The longer the lines, the larger you line height should be. The ideal line is about 60 to 80 characters long, and Jan’s lines are around 80 characters long. Originally the line height is set to line-height: 1.57;. It is quite low for that long lines of text. Setting it to a factor of 1.8 makes it lighter, easier to read and gives it a cleaner look.

Adjust the spacing in relation to the line-height

It’s a proven technique to use the line-height as a base size for your vertical spacing. This means factions or multiples of it could be the margins for your paragraphs or headings. Jan already considered that principle in his original design. But since I changed the line height I have to apply this in the reviewed version as well. Additionally, I move the heading a bit away from the body text, to let it appear more decided.

Clearly align the layout

It’s not so obvious if the design is left aligned, but it definitely is not centered. I suggest deciding on one approach and choose to center it.

Bonus tip

Scale up the whole text at a certain breakpoint to 120% or even larger. This will make it easier to read, when the blog is browsed full screen on a 27″ monitor which probably is positioned further away from the viewer.

The result

The pimped version of Jan’s blog with more line-spacing for the body text, increased space between the header and the body text, and a clearly centered layout.

I think the pimped version gives it an even cleaner and more confident look. The heading is more of a unit and the body text with the increased line height is friendlier and easier to read. Happy to hear your thoughts in the comments blow! Here you can submit your design for a free Type Check.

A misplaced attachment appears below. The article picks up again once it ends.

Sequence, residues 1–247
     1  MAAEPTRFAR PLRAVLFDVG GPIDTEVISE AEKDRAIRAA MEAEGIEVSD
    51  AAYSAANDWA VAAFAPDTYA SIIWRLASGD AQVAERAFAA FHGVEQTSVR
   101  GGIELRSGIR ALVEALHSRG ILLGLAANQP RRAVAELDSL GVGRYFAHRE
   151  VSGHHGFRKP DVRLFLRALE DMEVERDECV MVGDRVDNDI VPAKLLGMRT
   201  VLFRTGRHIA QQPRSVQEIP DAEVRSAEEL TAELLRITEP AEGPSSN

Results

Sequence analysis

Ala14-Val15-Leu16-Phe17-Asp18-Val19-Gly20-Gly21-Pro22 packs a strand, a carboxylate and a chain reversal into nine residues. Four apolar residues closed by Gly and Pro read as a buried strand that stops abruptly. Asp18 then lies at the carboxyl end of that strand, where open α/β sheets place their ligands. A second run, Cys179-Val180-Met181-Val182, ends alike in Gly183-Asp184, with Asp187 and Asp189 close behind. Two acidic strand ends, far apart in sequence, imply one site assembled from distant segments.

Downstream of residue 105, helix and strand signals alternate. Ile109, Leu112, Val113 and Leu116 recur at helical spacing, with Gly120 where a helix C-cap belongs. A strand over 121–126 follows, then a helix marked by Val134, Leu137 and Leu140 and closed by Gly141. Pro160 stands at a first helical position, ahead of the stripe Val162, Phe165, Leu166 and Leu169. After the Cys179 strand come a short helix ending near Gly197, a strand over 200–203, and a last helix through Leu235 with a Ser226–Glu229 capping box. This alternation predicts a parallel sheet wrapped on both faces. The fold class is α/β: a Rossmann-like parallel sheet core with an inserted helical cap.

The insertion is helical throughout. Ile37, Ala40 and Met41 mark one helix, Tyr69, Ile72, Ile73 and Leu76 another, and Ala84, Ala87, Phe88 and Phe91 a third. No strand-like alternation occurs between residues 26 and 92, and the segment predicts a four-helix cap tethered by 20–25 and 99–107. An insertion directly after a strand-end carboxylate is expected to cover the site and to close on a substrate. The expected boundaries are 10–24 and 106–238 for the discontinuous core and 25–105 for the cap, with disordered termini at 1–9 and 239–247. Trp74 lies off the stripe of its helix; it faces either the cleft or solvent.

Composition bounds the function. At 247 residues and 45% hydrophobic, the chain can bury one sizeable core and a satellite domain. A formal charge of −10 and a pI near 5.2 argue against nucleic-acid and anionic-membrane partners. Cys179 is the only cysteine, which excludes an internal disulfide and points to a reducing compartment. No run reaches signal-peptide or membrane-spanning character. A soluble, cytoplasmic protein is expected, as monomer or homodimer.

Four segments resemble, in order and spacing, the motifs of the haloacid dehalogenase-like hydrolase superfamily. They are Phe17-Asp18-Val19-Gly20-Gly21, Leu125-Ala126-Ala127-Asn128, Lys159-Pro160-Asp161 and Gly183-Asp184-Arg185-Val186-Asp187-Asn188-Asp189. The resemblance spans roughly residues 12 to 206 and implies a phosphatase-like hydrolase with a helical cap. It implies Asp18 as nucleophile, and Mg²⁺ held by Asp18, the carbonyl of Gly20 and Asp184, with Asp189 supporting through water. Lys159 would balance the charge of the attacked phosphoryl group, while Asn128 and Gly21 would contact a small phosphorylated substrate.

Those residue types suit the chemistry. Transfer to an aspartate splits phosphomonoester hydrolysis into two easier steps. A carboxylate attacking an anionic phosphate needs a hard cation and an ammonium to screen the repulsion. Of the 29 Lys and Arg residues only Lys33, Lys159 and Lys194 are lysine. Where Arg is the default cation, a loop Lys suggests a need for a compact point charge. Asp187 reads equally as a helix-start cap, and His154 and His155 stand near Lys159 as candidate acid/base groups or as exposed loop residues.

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  1. Hello Oliver,

    I find this episode of Pimp My Type very interesting. I put the before and after side by side, and I initially felt like the paragraphs in the before were more pleasing to my eye. Once I started trying to read, however, I definitely think the after version is easier to read.

    Where I disagree with you, and you know I’m not a designer, but I am old and remember physically typesetting newsprint and magazines, is in the subheading. I think I agree with all your choices there except for the six words to three words in the two lines. I much prefer the original look with five then four. I wonder why you chose that. I know why my mind and eye prefer the five-four—I have a bit of CDO—which is just like OCD, except the letters are in alphabetical order.

    1. Hey Dexter – I agree it seems more structured to have lesser words in one line, but as a system it works better with that visual relation to the size of the body text. Had to laugh at the OCD part 😉